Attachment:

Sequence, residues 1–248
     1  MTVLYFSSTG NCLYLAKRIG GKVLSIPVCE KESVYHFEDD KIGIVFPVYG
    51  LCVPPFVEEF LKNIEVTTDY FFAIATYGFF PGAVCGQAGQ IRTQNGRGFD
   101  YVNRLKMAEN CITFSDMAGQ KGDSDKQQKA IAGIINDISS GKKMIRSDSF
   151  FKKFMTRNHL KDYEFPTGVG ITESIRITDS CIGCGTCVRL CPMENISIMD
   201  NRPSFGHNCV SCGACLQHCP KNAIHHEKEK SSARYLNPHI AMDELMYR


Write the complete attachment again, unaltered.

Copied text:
Sequence, residues 1–248
     1  MTVLYFSSTG NCLYLAKRIG GKVLSIPVCE KESVYHFEDD KIGIVFPVYG
    51  LCVPPFVEEF LKNIEVTTDY FFAIATYGFF PGAVCGQAGQ IRTQNGRGFD
   101  YVNRLKMAEN CITFSDMAGQ KGDSDKQQKA IAGIINDISS GKKMIRSDSF
   151  FKKFMTRNHL KDYEFPTGVG ITESIRITDS CIGCGTCVRL CPMENISIMD
   201  NRPSFGHNCV SCGACLQHCP KNAIHHEKEK SSARYLNPHI AMDELMYR